collapsed so only the first line is shown – hovering over it (or clicking on it if the
showOnHover functionality is disabled) will expand it to show all text). Shown
below is a screenshot of the InfoOverlay control in both its collapsed and
expanded states:
The InfoOverlay control

A control used to perform a multi-selection via the help of two list views. Items can
be moved from one list (source) to the other (target). This can be done by either
double clicking on the list items or by using one of the “move” buttons between
the two lists. Each list can be decorated with a header and a footer node. The
default header nodes are simply two labels (“Available”, “Selected”).
A master / detail pane is used to display two nodes with a strong relationship to
each other. Most of the time the user works with the information displayed in the
master node but every once in a while additional information is required and can
be made visible via the detail node. By default the detail appears with a short
slide-in animation and disappears with a slide-out. This control allows the detail
node to be positioned in four different locations (top, bottom, left, or right). Here’s
a screenshot with a TableView in the ‘master’ section, and a text display in the
‘detail’ section.

Here’s another screenshot, showing the master section above the detail section:

The NotificationPane control allows you to notify your users of something without
requiring their immediate input (which you can do with the ControlsFX dialogs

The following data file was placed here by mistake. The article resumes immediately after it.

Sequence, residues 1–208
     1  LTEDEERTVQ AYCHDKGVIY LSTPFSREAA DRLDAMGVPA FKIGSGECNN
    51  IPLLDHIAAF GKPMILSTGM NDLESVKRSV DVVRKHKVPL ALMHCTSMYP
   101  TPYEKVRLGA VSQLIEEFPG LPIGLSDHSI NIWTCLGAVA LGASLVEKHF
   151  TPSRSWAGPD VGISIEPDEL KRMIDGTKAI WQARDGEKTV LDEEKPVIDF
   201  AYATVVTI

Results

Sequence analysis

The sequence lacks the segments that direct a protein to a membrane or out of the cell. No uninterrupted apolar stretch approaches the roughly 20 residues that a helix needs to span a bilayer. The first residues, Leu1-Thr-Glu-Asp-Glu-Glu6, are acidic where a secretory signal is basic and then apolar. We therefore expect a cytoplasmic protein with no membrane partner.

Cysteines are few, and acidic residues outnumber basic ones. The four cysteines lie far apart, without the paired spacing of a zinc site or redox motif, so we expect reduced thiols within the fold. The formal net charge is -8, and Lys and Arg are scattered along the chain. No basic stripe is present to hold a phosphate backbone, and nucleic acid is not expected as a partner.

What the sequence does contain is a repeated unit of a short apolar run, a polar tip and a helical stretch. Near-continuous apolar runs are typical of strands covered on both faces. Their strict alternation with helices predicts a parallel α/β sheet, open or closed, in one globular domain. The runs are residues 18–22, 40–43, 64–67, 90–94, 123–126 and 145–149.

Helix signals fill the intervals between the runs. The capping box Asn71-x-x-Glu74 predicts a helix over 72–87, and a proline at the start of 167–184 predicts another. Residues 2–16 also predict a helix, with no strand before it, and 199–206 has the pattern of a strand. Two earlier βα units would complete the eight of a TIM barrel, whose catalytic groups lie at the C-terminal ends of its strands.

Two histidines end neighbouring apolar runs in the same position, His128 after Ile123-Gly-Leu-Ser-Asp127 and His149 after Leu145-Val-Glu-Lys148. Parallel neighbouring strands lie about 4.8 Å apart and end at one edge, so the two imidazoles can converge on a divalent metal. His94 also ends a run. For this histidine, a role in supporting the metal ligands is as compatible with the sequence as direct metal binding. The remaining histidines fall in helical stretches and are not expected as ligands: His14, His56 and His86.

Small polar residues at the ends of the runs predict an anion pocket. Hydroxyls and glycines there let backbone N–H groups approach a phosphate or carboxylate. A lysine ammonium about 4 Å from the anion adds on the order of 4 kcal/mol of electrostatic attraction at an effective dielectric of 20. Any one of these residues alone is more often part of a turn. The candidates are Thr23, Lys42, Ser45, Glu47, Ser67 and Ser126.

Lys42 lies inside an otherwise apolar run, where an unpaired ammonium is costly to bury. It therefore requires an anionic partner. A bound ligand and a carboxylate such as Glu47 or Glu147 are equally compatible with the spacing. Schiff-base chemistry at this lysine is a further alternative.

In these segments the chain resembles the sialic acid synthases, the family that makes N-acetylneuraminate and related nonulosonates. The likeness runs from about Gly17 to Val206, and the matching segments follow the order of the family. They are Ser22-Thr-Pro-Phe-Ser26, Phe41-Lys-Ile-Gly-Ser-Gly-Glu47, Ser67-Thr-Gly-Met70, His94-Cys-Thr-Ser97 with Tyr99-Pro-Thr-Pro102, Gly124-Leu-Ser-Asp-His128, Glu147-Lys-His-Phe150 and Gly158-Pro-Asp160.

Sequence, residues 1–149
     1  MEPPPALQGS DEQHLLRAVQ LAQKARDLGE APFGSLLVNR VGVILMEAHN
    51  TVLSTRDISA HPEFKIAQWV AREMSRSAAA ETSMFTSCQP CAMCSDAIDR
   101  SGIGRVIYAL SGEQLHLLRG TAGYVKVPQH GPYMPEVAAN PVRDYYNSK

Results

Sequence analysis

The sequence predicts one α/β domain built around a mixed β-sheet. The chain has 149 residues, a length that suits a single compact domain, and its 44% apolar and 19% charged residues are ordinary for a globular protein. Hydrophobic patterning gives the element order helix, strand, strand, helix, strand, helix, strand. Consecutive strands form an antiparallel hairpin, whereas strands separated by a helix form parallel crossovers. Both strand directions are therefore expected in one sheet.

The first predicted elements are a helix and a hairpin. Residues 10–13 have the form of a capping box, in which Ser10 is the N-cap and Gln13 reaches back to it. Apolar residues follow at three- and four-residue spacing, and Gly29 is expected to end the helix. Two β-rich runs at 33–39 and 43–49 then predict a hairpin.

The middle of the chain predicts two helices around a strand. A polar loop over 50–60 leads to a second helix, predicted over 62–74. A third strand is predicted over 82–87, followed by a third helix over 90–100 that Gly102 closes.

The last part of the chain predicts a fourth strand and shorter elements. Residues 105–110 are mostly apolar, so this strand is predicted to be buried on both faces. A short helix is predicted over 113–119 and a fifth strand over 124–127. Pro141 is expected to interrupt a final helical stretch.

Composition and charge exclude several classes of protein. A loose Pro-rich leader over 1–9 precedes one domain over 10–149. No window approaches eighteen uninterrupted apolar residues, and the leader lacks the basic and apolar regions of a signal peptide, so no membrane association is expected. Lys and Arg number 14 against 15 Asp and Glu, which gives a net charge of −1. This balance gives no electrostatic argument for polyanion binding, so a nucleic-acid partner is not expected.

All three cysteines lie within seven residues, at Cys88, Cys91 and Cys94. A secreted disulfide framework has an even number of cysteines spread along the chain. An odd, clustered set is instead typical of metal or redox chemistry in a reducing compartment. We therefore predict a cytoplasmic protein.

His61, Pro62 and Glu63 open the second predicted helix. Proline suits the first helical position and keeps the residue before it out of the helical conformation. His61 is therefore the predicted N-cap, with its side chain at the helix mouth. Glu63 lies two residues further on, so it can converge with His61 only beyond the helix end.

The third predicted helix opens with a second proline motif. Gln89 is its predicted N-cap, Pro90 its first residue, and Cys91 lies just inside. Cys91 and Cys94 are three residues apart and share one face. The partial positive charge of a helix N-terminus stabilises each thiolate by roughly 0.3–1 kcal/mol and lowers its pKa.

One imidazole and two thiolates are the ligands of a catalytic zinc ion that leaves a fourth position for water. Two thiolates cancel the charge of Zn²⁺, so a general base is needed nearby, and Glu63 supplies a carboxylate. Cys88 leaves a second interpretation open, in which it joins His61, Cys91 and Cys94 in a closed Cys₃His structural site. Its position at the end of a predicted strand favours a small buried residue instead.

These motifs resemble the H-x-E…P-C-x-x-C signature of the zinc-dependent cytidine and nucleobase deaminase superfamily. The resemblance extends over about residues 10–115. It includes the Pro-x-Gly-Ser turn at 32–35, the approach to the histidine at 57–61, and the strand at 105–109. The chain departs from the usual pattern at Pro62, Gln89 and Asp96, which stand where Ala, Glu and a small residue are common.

API). The NotificationPane will animate in and out of view, and provides support
for an arbitrarily complex ‘graphic’ property (put any Node in there), as well as text
and an area to place control buttons. It also supports two visual styles, continuing
in our theme of providing light and dark styles.

ControlsFX has had the NotificationPane feature for a release or two now, but that
required that the notification appear within the window. Some use cases are to
simply inform the user of an event, even when the main window itself is not visible
(or focused) – think email notifications, for example. This is where the Notifications
class comes in – it will show a notification message to users in one of nine
locations on the screen, and even supports stacking multiple notifications, and
showing complex scenegraphs. After a set duration, the notification will fade out.

A plus minus slider allows the user to continuously fire an event carrying a value
between -1 and +1 by moving a thumb from its center position to the left or right
(or top and bottom) edge of the control. The thumb will automatically center itself
again on the zero position when the user lets go of the mouse button. Scrolling
through a large list of items at different speeds is one possible use case for a
control like this. You may be familiar with Google Picasa, which has a similar
control for scrolling through the image list.
The PlusMinusSlider in both
horizontal and vertical states

The PopOver control is designed to provide information to users in a visually
pleasing way that does not interfere with their workflow. It is hard to explain, but
hopefully the screenshot below better summarises the functionality:

A PopOver with no content.

Of course, a PopOver with no content is a little sad, so here’s a screenshot of one

with content inside it. Note that this is using a custom TitledPane style that
presently doesn’t ship with ControlsFX (but that you can create with a little CSS):
A PopOver with content.

PropertySheet is a vertical list of properties that can be edited with a number of
pre-build editors (in the 8.0.1 release we support string, number, boolean,